If you’re making a noncommercial film that is fiscally sponsored, then you can offer your individual donors a tax write-off for their contributions to your film. You get their money, and they get to take a tax-deduction for making that gift. If you’re making a commercial film, then be prepared to talk about the potential return on investment. How is the investor going to make back her money? What are the risks involved? What are the potential payoffs?
Invite them to your world premiere at Festival X.
There is that special category of donors who just love the concept of making a film. They are probably themselves closeted filmmakers, but they won’t or can’t make the leap into making a film of their own. However, you’re a filmmaker. By inviting this potential donor to become part of the film scene by coming with you to a festival would start them swooning. You don’t know which festival you may get into, but for some people, it won’t matter one bit.
Tell other people how great your donors are.
Whenever you host an event, thank the people who have shown their support. When you put up your Web site, list those who helped you get where you are today. Proclaim publicly that these folks are your heroes, and they will bask in the glow of your appreciation.
Show how your film has changed the world.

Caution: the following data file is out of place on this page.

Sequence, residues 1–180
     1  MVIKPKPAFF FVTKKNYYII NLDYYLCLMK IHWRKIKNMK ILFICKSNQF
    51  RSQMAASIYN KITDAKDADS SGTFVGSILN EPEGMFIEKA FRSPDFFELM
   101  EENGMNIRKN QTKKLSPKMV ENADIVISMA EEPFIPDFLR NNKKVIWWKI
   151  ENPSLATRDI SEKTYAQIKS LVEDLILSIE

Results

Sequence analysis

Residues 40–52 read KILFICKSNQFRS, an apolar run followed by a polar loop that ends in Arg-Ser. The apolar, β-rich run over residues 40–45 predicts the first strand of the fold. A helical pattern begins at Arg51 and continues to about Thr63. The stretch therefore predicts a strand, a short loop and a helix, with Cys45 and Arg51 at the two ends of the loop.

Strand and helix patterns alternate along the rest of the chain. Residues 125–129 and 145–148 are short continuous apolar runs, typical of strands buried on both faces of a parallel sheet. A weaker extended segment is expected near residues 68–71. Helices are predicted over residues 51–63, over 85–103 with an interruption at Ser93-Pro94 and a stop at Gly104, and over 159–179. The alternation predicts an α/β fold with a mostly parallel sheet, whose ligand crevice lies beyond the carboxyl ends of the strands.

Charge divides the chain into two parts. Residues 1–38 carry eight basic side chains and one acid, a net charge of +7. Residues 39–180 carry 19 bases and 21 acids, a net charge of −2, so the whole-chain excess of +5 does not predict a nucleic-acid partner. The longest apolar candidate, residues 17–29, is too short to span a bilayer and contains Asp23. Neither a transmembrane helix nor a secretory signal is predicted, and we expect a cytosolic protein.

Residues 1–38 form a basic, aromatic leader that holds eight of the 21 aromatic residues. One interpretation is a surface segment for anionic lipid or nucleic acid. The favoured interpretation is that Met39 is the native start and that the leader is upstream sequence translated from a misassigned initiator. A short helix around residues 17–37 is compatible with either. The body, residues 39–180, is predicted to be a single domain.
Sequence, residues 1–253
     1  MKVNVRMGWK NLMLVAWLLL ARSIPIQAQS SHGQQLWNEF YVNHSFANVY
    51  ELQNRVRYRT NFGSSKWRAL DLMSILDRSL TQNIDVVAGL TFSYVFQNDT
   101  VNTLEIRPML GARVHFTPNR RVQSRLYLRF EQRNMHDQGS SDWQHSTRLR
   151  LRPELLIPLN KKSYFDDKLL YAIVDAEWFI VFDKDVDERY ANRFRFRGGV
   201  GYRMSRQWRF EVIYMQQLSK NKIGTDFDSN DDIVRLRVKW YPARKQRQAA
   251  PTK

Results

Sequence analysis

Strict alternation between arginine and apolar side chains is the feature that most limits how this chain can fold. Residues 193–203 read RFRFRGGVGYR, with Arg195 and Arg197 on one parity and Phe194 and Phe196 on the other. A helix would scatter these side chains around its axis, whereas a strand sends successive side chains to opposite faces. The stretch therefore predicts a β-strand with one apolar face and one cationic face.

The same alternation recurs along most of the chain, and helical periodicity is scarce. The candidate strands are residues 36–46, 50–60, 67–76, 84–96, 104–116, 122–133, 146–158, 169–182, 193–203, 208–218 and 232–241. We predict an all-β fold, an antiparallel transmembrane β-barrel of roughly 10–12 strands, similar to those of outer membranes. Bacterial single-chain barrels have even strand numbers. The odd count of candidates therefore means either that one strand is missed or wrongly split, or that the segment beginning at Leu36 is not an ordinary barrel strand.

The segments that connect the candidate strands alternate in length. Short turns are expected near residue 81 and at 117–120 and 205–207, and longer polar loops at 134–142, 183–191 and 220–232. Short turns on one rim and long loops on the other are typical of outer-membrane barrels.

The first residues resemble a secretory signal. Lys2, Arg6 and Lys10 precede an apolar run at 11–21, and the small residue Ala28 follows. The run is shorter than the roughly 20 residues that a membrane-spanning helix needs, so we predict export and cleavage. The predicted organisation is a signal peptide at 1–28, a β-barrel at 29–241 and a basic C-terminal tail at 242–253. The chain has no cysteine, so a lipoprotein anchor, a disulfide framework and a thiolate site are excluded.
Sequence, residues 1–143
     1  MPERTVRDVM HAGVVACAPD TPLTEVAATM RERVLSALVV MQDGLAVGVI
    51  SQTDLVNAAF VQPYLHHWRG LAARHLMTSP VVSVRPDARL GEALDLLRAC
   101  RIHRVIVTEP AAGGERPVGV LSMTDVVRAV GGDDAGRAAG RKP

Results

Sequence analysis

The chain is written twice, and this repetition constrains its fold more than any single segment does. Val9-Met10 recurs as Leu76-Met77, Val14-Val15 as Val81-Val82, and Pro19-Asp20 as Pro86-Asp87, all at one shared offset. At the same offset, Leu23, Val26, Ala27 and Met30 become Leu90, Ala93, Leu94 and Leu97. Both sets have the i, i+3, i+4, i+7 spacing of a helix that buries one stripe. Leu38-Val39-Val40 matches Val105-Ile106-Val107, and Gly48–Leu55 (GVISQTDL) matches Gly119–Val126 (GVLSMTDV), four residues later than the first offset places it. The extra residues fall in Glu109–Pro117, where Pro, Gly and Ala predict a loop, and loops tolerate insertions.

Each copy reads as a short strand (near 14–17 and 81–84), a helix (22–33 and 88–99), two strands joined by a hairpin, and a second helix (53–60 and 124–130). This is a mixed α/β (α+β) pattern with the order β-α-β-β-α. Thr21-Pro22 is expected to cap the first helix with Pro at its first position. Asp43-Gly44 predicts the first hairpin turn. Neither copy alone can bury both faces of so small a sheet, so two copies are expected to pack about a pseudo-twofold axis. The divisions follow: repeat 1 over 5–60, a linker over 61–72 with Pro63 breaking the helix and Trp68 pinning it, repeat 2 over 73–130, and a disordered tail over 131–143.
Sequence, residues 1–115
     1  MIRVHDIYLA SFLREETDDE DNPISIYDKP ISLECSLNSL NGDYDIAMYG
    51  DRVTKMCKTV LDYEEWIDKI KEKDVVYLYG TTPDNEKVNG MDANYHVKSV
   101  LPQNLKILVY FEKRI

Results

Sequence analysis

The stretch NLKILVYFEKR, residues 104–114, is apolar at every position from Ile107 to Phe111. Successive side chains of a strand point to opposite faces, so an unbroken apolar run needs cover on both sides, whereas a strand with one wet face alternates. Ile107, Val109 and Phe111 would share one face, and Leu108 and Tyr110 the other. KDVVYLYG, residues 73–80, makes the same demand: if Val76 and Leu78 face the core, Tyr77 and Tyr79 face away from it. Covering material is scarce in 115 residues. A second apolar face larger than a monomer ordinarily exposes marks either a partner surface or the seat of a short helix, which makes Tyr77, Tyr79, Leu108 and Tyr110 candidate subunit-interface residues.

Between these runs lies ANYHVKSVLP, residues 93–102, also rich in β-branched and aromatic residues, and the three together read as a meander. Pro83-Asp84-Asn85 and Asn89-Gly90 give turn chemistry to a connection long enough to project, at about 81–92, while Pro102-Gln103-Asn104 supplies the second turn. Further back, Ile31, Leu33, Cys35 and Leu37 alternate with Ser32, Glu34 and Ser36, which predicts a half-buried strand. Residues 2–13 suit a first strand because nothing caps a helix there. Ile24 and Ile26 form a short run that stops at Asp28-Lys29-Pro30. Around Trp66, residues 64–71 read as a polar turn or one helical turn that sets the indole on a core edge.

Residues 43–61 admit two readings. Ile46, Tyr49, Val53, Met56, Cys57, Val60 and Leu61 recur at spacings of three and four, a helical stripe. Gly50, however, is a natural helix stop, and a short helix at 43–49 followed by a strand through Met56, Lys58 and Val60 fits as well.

For donors who give to your film because of its subject matter, knowing that the film went on to great things will make them feel good. Did your documentary about food safety change national policy on food safety? Did your expose of corporate malfeasance bring the bad guys to justice? Show that impact, and those donors will see your film as the greatest thing their money has ever produced.
Holly Million is a consultant, author and filmmaker with nearly two decades of experience in fundraising. In addition to securing funding for A Story of Healing, which won a 1997 Academy Award, Million has raised money for documentary and dramatic films that have aired on PBS, HBO and other broadcast outlets. She is the author of Fear-Free Fundraising: How to Ask People for Money. Visit Million’s website at www.hollymillion.com and her fundraising blog at fearfreefilmfundraising.blogspot.com. Holly is organizing two camps for indie filmmakers in 2010. For more information, visit www.goldenpoppy.com.
With riveting characters, cascading revelations and momentous breakthroughs, Epstein and Friedman’s work paved the way for contemporary documentary practice.
Susan Gerhard talks copy, critics and the 'there' we have here.
Universally warm sentiment is attached to the Bay Area's hardest working indie/art film publicist.
Filmmaker and programmer Moore talks process, offers perspective on his debut feature and Cinema by the Bay opener, ‘I Think It’s Raining.’
For 50 years, Canyon Cinema has provided crucial support for a fertile avant-garde film scene.
Director Mina T. Son talks about the creation of ‘Making Noise in Silence,’ screening the United Nations Association Film Festival this week.
Without marketing tie-ins, plastic toys or corn-syrup confections, a children’s film festival brings energy to the screen.
Saraf and Light's work is marked by an unwavering appreciation for underdogs and outsiders.